One of Celluloid Records first releases in 1979 was Robert Leer and Robert Rental’s album The Bridge. It featured Day Breaks, Day Heals, four minutes where new wave, industrial and ambient music hypnotically combine. As a new decade dawned, then Celluloid Records would enter the most important years of the nascent label’s history.

Five very eclectic tracks from 1980 feature on Change The Beat-The Celluloid Records Story 1979-1987. It seems quite apt that the first is a dub reggae track licensed from Studio 16, a London label. Winston Edwards and Blackbeard’s Downing Street Rock, was a track At 10 Downing Street-Dub Conference. Demonstrating the eclectic nature of Celluloid’s releases is Mathematiques Modernes’ single Disco Rough. Written by Claude Arto and Edwige Belmore, electro and synth pop unite. Similarly eclectic was Ferdinand’s album El Forme, which included Tele: Apres La Metro. Here, Ferdinand, a French group merged new wave, art rock and punk seamlessly. That year, Snakefinger released their genre-fusing, sophomore album Greener Pastures on Ralph Records. Celluloid Records licensed this experimental album, which featured Living In Vain, a track that has Celluloid’s name written all over it. So too does Nini Raviolette experimental, synth pop track Suis-Je Normale. Filed will beeps and squeaks and Nini’s deliberate, sultry vocal. Already, people were taking notice of this pioneering French label Celluloid Records. The following year, 1981, would prove an important one for Celluloid Records, for several reasons

Not only did 1981 see Celluloid Records start building a reputation as a pioneering and experimental label, but Jean would meet a likeminded man who’d prove crucial to the label’s future. That man was Bill Laswell. Jean was now regularly flying between Paris and New York to sell Celluloid’s releases. It was on one of these trips, Jean met Bill, who’d just flown in from Michigan to New York. Bill was another musical innovator, who produced genre-sprawling music. He took various musical genres, deconstructed them and reinvented them as something, new, pioneering and cutting-edge. So Jean, liking what he heard from Bill’s group Massacre, decided Celluloid would release their debut album Killing Time, where avant garde, improvisation and rock combine. Given the importance of this meeting, the title-track, Killing Time features on Change The Beat-The Celluloid Records Story 1979-1987.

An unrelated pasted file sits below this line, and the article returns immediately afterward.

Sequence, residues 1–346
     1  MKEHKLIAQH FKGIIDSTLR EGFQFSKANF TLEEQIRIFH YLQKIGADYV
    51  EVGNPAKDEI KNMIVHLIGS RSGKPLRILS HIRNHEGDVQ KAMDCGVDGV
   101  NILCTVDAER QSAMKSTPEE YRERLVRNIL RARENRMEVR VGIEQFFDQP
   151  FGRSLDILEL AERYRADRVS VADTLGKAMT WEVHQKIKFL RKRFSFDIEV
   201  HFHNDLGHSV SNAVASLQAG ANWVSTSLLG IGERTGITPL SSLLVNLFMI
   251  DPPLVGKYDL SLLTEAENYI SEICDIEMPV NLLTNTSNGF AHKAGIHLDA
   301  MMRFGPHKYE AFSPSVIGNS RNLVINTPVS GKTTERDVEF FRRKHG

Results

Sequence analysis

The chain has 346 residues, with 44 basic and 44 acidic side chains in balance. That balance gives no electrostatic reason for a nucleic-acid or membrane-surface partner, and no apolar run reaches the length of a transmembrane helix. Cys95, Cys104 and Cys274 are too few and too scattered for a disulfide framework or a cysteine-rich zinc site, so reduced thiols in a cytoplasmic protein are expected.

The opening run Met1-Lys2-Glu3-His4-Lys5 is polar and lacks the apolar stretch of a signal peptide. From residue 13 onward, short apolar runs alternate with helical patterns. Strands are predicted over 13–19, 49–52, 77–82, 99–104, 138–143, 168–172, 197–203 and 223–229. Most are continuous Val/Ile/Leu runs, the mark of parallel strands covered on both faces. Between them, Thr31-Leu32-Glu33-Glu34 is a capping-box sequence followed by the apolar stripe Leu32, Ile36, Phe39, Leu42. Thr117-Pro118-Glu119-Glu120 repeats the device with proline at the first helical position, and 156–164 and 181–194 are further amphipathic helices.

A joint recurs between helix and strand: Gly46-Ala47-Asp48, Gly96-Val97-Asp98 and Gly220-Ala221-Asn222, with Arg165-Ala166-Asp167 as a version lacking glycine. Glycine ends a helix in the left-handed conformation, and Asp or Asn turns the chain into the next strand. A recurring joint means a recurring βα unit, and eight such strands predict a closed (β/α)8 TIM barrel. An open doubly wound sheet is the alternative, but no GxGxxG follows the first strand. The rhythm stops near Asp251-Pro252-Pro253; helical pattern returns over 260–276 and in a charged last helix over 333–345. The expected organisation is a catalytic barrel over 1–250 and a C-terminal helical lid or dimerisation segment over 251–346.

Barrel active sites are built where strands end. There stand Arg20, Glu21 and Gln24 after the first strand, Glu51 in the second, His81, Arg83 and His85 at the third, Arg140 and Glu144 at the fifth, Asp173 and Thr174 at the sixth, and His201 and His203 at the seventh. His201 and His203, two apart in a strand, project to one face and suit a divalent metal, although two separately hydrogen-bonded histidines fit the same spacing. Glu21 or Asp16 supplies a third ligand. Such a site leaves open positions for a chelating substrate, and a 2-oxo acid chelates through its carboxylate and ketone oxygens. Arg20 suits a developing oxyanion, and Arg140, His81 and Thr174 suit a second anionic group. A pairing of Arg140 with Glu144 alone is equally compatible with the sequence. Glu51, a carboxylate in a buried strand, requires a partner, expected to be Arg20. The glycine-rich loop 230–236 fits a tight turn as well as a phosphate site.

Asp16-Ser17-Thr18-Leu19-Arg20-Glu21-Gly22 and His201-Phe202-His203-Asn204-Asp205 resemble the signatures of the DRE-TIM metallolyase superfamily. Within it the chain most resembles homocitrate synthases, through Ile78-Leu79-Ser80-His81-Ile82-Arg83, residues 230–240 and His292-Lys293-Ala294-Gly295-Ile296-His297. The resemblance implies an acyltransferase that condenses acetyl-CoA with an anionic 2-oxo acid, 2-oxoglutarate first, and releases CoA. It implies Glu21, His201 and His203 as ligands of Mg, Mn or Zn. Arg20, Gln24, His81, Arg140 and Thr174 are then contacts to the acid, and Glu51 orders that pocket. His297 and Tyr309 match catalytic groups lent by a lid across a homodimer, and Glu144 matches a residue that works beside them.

Massacre wasn’t the only Bill Laswell project Celluloid would release. They also released Bill’s post-punk dance project Material’s I’m The One in 1982. It sees Bill collaborate with Michael Beinhorn, Bernard Fowler and Nile Rodgers. Another Bill Laswell project is Last Exit, whose track Big Boss man features on Change The Beat-The Celluloid Records Story 1979-1987. Having established their reputation as one of the most eclectic and innovative labels, Celluloid would continue to do so.

Richard Hell and The Voidoids had been releasing music since 1977. Having started as a punk band, their music had mutated into new wave. 1982 saw the release of their sophomore album Destiny Street. In many ways, they were too good as musicians to be called a punk band. They combine funk, rock, garage, new wave and even hip hop. It was delicious fusion of genres and influences, proving their was life after punk. One musical genre that proved even more important that punk, was hip hop.